Help Your Students Practice This Summer

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Help Your Students Practice This Summer

It’s an unspoken rule of music education that students don’t practice over summer break. As teachers know, the appeal of Netflix and naps can easily get in the way of productivity (be honest, you haven’t organized your library of sheet music or large instrument closet), but we also know how important it is that students do something on their instruments over the summer so that the long break doesn’t undo all the work that happened during the school year.

When I was teaching middle school band, my philosophy for summer was focused on getting instruments on faces. Of course, I would have preferred beautiful scales, long tones, and endless sight-reading exercises, but I found that it was more productive to encourage practicing in any form. If possible, work with private instructors in your area to help give students feedback. You could ask the private teacher, for example, to focus on high register playing. Many students, however, don’t take lessons over the summer either. Helping these students spend some consistent time practicing over the break pays huge dividends when everyone returns in the fall.

Share Fun Repertoire

One way to keep students engaged over the summer is to help them find repertoire that they want to play. With no all-state audition, ensemble contest, or big concert coming up, this is the time of year where practicing “Star Wars” over and over is acceptable practice (at least it gets them playing!). Here are some helpful resources you can share with students so that they can find new repertoire:

  • IMSLP.org. This repository of public domain music is excellent for finding “famous” pieces for students to try. It’s a great place for low brass players to discover that “Ride of the Valkyries” is a tough piece and string players to practice that Vivaldi solo they heard at a summer symphony concert.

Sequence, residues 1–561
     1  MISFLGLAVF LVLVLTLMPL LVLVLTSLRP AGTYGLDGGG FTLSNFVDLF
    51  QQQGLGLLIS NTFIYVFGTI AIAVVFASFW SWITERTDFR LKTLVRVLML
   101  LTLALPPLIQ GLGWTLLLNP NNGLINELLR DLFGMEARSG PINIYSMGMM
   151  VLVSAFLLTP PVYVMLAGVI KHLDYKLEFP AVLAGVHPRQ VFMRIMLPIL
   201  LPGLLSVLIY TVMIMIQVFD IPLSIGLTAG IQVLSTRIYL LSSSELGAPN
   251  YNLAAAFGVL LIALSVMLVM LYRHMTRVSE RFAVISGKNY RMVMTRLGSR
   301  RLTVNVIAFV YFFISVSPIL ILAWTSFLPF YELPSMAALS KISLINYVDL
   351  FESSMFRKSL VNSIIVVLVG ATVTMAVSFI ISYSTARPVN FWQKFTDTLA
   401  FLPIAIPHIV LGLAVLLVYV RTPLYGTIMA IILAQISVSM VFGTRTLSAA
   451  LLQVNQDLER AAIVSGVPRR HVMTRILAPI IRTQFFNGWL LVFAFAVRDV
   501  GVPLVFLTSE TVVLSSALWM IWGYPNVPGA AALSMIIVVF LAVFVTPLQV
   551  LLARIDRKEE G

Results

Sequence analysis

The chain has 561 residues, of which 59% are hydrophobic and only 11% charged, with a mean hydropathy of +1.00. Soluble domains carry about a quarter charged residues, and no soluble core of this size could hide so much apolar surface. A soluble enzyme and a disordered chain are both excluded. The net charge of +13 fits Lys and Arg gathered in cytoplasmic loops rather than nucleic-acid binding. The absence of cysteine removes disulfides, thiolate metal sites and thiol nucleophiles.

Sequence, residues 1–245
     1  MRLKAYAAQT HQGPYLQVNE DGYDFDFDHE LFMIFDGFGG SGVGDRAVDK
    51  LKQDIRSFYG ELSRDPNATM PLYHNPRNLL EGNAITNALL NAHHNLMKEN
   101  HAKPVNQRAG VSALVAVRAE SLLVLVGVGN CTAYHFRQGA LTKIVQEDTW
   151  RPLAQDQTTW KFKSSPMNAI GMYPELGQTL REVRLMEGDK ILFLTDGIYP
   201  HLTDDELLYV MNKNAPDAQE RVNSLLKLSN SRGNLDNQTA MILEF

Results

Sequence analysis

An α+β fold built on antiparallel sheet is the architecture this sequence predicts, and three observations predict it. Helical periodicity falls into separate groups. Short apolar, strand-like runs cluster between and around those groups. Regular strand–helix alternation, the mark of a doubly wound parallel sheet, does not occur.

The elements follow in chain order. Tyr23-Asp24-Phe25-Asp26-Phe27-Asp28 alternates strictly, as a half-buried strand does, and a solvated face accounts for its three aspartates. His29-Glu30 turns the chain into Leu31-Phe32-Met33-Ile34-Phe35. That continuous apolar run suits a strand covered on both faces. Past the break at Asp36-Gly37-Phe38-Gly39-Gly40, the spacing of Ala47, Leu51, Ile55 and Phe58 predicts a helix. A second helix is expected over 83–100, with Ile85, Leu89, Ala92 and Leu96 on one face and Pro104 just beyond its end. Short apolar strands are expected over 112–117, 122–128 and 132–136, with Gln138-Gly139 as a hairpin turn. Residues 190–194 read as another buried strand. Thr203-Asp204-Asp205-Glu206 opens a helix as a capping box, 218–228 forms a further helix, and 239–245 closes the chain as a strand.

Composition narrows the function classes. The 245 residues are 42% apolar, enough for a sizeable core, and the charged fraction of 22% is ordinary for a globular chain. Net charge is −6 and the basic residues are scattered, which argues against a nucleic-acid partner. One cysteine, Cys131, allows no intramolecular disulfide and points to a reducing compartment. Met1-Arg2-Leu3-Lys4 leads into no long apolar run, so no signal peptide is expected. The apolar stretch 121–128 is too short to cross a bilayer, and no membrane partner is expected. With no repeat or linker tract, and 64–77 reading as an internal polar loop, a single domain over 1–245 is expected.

• Play by ear. Learning music by ear combines ear training with execution on the instrument, and students can learn any jingle or pop song they hear on the radio.
  • The SmartMusic homepage/carousel. The homepage features music categories designed to inspire students, including movies, songs about pirates, and a new list of repertoire called “Summer Favorites” built based on the most popular SmartMusic titles from summers past.

Make Practicing Social

For many students, the idea of sitting and practicing alone is the problem. For these students, find ways to make summer practicing social:

  • Encourage duets (even the unison kind) with friends. Playing together helps gamify practice and improves intonation and listening skills.
  • Engage technology to make the boring exercises more fun. Here’s an example using drones.
  • Tap into your students’ more competitive side with contests like the Bumblebee Challenge. Remind students that intonation, articulation, and musicality are as important as speed and accuracy.
  • Find ways for your students to join the community at large. Summer festivals in your community (like Make Music Day) often have events that offer students a way to perform.

Convincing students not to take a vacation from music can be tough, but by helping students discover new repertoire and making practicing fun you can avoid some of the summer rust this year.


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